A Windower by Henry King
The house has too many rooms, now;
there’s too much room in the bed.
A daughter in the Met, a son
at Cambridge; at home, long quiet spells.
On bright days, he stands by the window
looking into the garden. A windower.
Twenty, thirty years like this? Years
of evenings, weekends. Christmases.
from New Poetries V © Henry King
Consider the title and the form. There is the ghost of cruel wit in the term 'windower', denoting (presumably) a widower who spends much of his time gazing redundantly out of a window, and this is preceded by the indefinite article, to remind us that he is one of many: 'A Windower'. And the claustrophobic little poem below this title is in couplets, each line having its partner. Then immediately the poem strikes us with other pairings, in the repetition and near-repetition of words and phrases ('too many rooms' / 'too much room', 'window' / 'windower', 'years' / 'Years'), and in the juxtaposition it sets up: his children – a daughter and a son – are doing well at the start of busy adult lives, and the poem's subject is alone and anything but busy nearer the end of his.
The first couplet is metrically the first two lines of a ballad stanza, but this is 'let down' by the more prosaic second couplet, emphasising the grim bathos of the subject’s life. The balladic rhyme our ear expects does not happen, just as the subject's apparently busy and productive life has been replaced without warning. Our windower’s existence is now marked by 'long quiet spells' – a superbly dull cliché that only emphasises the seeming emptiness and redundancy of his life. But, the word 'now' in the first line implies that once his big house was busy, that a family fitted it perfectly, and we should be appalled to realise that the man we pity could so easily be us. And like us he has – if he is lucky – plenty of time left for things to get even worse, the clink of internal rhyme at the end of the poem sounding with the finality of truth. He is in the anteroom to death, and the wait would appear to be quite a long one. How on earth did he end up like this? It hardly seems to have been his fault: his wife has died, not left him; and his children are pursuing success – perhaps much as their father did. I am reminded of Philip Larkin's words at the end of 'Dockery and Son', that life is replaced by 'what something hidden from us chose, / And age, and then the only end of age'. The windower exists in a purgatorial stasis brought about by what something hidden from him chose, a fate he might not have imagined.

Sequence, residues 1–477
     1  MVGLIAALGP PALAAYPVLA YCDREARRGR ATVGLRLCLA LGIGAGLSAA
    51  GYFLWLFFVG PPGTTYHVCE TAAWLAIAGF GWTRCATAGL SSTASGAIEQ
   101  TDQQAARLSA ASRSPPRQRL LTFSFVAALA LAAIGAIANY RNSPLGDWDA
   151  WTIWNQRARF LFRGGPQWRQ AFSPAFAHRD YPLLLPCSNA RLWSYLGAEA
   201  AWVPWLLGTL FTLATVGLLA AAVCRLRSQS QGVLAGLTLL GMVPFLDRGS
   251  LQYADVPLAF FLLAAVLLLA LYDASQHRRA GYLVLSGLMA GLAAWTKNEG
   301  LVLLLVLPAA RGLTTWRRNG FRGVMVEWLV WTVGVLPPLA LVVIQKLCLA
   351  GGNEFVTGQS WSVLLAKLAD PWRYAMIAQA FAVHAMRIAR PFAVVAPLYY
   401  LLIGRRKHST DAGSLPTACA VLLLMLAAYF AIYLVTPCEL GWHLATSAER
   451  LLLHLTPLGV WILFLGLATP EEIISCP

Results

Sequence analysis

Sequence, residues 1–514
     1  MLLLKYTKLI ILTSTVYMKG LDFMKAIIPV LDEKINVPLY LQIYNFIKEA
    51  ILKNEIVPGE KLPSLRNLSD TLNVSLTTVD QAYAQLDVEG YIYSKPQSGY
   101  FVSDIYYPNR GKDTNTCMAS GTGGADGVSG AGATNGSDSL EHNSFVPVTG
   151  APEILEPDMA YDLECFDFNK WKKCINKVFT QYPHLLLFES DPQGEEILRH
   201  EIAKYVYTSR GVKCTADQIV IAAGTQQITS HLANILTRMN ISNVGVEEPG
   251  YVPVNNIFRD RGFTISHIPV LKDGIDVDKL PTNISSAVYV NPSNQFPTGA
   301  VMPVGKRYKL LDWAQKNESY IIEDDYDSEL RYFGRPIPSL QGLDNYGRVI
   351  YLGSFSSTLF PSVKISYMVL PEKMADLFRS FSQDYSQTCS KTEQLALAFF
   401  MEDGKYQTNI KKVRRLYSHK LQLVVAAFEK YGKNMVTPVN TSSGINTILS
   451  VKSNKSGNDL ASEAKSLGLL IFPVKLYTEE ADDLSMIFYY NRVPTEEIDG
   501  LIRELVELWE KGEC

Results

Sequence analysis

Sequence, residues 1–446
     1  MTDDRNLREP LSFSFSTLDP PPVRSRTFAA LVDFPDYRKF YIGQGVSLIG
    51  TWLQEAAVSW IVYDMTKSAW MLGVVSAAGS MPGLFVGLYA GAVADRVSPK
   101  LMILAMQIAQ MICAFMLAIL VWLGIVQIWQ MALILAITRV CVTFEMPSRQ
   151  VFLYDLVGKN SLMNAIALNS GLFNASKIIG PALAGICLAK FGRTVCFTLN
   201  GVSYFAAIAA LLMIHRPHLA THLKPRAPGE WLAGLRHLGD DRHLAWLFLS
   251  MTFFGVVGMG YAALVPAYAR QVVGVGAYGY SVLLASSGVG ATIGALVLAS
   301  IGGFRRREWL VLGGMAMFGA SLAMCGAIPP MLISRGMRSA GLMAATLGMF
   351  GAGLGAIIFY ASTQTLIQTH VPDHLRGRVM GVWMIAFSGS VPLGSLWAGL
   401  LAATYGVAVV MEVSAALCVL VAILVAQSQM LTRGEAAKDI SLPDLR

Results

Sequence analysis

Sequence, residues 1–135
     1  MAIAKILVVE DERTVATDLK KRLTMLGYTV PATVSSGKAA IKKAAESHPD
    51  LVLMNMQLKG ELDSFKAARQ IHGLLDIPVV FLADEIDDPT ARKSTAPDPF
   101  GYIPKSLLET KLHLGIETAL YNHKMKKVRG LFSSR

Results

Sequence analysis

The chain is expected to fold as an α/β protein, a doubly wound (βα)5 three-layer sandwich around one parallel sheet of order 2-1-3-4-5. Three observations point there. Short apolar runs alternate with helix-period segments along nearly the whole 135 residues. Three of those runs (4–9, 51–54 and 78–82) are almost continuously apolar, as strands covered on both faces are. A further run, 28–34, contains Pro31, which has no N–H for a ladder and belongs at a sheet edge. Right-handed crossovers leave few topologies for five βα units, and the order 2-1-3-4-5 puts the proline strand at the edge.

So, what are we to take away from this short, tight piece of beautiful miserableness? King does not moralise, of course, but a message seems to inhere in the move from irreverent term of description to the portrait of what might be someone we know. We could be the son or daughter; or we could be on our way to becoming the windower, even if our lives seem successful, happy, ripe. Behind the grinding lethargy of the windower's life, then, is a call to urgency. What a marvellous, multi-faceted, emotionally intelligent poem.